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Yeast. 1996 Apr;12(5):439-47.

High-affinity glucose uptake in Saccharomyces cerevisiae is not dependent on the presence of glucose-phosphorylating enzymes.

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E. C. Slater Institute, BioCentrum Amsterdam, University of Amsterdam, The Netherlands.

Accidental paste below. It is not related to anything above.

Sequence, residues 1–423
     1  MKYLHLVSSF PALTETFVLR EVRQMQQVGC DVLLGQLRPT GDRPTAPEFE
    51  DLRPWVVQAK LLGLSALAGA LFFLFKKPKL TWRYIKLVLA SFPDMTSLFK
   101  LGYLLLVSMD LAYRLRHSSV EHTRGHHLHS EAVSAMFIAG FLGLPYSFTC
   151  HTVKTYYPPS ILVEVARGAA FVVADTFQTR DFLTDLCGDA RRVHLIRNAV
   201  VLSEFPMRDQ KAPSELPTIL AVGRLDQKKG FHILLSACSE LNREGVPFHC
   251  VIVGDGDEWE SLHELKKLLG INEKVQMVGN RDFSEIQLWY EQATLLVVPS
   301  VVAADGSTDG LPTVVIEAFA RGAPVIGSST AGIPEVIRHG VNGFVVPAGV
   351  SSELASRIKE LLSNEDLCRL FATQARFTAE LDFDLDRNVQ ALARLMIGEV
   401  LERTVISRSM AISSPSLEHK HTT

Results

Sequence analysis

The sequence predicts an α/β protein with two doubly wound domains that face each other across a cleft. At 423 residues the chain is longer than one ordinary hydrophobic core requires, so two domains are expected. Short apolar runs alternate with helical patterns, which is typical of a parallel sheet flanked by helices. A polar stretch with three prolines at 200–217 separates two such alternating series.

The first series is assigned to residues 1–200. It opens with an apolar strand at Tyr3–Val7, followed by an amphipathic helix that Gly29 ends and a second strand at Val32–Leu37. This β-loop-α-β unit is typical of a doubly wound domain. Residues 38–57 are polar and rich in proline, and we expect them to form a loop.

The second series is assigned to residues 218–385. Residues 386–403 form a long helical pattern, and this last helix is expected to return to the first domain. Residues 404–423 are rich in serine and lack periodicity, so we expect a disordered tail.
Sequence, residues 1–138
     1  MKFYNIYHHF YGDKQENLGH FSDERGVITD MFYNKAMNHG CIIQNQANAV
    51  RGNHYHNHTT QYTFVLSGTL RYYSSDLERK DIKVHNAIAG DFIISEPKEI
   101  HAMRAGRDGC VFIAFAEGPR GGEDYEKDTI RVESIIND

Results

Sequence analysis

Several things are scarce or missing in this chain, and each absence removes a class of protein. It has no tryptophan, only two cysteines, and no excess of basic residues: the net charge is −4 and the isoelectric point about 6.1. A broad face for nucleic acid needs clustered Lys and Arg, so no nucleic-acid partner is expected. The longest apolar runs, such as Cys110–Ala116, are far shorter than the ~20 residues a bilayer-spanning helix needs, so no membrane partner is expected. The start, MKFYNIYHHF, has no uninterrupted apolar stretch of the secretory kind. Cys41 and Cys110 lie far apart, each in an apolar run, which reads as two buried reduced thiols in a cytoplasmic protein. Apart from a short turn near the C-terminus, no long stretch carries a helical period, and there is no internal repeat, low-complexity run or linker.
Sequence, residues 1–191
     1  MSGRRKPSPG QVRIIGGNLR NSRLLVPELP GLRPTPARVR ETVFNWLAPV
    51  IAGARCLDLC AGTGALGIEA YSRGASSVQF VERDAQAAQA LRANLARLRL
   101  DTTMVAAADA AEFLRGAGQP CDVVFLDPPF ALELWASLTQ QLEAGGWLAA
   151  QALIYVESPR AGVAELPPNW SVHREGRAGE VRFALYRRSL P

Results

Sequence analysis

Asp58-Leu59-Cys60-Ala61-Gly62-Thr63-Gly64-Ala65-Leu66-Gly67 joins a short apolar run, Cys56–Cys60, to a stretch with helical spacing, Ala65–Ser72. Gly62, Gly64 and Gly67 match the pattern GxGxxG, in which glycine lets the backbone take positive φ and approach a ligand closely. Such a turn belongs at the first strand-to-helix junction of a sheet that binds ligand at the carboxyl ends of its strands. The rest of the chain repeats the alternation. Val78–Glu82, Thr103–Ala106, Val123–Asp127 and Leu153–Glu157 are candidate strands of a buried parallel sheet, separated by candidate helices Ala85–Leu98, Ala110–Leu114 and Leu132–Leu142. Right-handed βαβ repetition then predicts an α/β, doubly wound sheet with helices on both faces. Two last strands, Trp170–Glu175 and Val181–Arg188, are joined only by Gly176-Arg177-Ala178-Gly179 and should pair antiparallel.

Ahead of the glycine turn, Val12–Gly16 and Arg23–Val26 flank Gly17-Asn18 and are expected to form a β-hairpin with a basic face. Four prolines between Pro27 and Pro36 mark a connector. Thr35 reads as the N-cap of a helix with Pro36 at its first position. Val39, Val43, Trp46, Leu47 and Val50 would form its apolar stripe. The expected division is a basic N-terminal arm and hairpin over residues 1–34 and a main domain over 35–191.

Glucose uptake in Saccharomyces cerevisiae is believed to consist of two kinetically distinguishable components, the affinity of which is modulated during growth on glucose. It has been reported that triple hexose-kinase deletion mutants do not exhibit high-affinity glucose uptake. This raises the question of whether and how high-affinity glucose uptake is related to the presence of glucose-phosphorylating enzymes. In this study the kinetics of glucose uptake in both wild-type cells and cells of hexose-kinase deletion mutants, grown on either glycerol or galactose, were determined using a rapid-uptake method. In wild-type cells glucose uptake measured over either 5 s or 200 ms exhibited high affinity. In contrast, in cells of hexose-kinase deletion mutants the apparent affinity of glucose uptake was dependent on the time scale during which uptake was measured. Measurements on the 5-s scale showed apparent low-affinity uptake whereas measurements on the 200-ms scale showed high-affinity uptake. The affinity and maximal rate of the latter were comparable to those in wild-type cells. Using a simple model for a symmetrical facilitator, it was possible to simulate the experimentally determined relation between apparent affinity and the time scale used. The results suggest that high-affinity glucose transport is not necessarily dependent on the presence of glucose-phosphorylating enzymes. Apparent low-affinity uptake kinetics can arise as a consequence of an insufficient rate of removal of intracellular free glucose by phosphorylation. This study underlines the need to differentiate between influences of the translocator and of metabolism on the apparent kinetics of sugar uptake in yeast.

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